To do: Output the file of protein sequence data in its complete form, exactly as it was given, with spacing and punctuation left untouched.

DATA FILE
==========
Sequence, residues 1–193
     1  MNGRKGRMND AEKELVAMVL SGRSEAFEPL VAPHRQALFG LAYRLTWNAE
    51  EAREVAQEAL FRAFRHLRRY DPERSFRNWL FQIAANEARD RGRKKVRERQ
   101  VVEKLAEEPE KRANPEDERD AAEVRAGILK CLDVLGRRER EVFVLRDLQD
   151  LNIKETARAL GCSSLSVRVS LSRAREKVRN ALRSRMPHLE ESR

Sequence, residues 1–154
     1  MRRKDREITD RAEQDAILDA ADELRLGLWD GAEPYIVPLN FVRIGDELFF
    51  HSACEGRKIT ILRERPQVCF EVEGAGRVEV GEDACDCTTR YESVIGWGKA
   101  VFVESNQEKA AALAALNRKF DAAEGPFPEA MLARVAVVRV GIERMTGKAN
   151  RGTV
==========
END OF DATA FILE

Sequence, residues 1–193
     1  MNGRKGRMND AEKELVAMVL SGRSEAFEPL VAPHRQALFG LAYRLTWNAE
    51  EAREVAQEAL FRAFRHLRRY DPERSFRNWL FQIAANEARD RGRKKVRERQ
   101  VVEKLAEEPE KRANPEDERD AAEVRAGILK CLDVLGRRER EVFVLRDLQD
   151  LNIKETARAL GCSSLSVRVS LSRAREKVRN ALRSRMPHLE ESR

Sequence, residues 1–154
     1  MRRKDREITD RAEQDAILDA ADELRLGLWD GAEPYIVPLN FVRIGDELFF
    51  HSACEGRKIT ILRERPQVCF EVEGAGRVEV GEDACDCTTR YESVIGWGKA
   101  VFVESNQEKA AALAALNRKF DAAEGPFPEA MLARVAVVRV GIERMTGKAN
   151  RGTV